Cleveland Browns at Tampa Bay Buccaneers: Both teams have many areas of concern with the Browns still deciding on their starting QB. The edges may favor the Browns here as Tampa is off a Monday night game. Cleveland has had 4 extra days to prepare after playing last Thursday.
Washington Redskins at Baltimore Ravens: Despite the blowout loss to the Eagles last week the Ravens are ready for the regular season in taking a conservative approach to preseason games. Washington has many more concerns as the preseason winds down, especially at QB, and thus can be expected to play more aggressively than the more experienced and settled Ravens.
Chicago Bears at Cincinnati Bengals: The Bengals played Monday night and thus will have had less time to practice and make adjustments. Cincy is an experienced team with four straight Playoff appearances. More Chicago players are still auditioning for roster spots under new coach John Fox and thus might bring a greater level of intensity to this contest.
Philadelphia Eagles at Green Bay Packers: Both teams are pretty much settled at most positions and should be more interested in evaluating depth while giving starters limited minutes or running low risk plays while they are on the field. Such an approach would tend to deflate scoring for a pair of teams that will do plenty of scoring once the regular season begins.
Indianapolis Colts at St. Louis Rams: Both teams have lost their first two games. The Colts are more interested in staying healthy, especially with QB Andrew Luck poised for a huge season. There may be more motivation for the Rams to perform well in this game as this will be their first home game this summer after losing on the road at Oakland and Tennessee.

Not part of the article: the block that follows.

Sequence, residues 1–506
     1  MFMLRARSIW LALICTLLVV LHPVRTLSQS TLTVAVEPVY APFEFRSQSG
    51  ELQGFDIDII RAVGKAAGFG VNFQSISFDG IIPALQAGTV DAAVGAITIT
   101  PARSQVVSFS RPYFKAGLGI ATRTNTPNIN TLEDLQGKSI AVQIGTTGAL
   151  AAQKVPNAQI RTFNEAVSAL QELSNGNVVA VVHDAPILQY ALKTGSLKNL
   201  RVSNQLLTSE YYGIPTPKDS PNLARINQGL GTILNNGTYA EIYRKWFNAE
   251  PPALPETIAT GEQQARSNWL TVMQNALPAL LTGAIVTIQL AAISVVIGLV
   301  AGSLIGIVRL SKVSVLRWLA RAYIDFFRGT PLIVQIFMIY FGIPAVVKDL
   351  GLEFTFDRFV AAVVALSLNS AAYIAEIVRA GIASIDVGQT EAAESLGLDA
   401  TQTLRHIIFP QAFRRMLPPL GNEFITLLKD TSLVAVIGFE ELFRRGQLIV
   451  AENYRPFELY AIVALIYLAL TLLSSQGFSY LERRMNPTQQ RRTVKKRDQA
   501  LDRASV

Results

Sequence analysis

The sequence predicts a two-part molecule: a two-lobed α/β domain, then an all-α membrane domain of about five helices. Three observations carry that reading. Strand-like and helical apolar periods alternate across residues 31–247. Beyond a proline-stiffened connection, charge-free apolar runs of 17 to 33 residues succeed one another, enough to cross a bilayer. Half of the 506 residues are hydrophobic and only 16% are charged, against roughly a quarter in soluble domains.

Seattle Seahawks at San Diego Chargers: Both teams are set in most starting positions and more likely to be concerned with depth rather than showing too much on film for future opponents. The Chargers are likely to work on improving their rushing game, especially when starting QB Philip Rivers is on the field. The conditions should favor a low scoring game.
San Francisco 49ers at Denver Broncos: The 49ers have many more concerns than do the Broncos, especially with an offense that has not looked sharp for most of their first two games. Denver QB Peyton Manning may see limited playing time as most of his preparation for the start of the season is done during the week. San Francisco may place the greater emphasis on the scoreboard.
Pro Football – Sunday
Houston Texans at New Orleans Saints: Houston is set to name Brian Hoyer starting QB and may be inclined to give him and the starting unit more playing time than the Saints will give to Drew Brees, especially given the strength of Houston’s starting defense. With issues also at RB due to the Arian Foster injury the Texans may be inclined to open up the offense while the Saints’ primary concern may be in finding the right defensive combinations.
Arizona Cardinals at Oakland Raiders: The Cardinals are more concerned with tweaking both sides of the football with most starters in place. New Oakland coach Jack del Rio is working to instill a better culture and that translates to putting more effort into preseason games, especially as he makes personnel decisions. The Cardinals are not concerned in the least by their 0-2 preseason start.
Andy Iskoe, and his Logical Approach, provides his popular and unique handicapping statistics to Gaming Today readers and online visitors. He has been a long time GT columnist, contributing weekly in-season columns on baseball, pro basketball and pro football. Contact Andy at [email protected]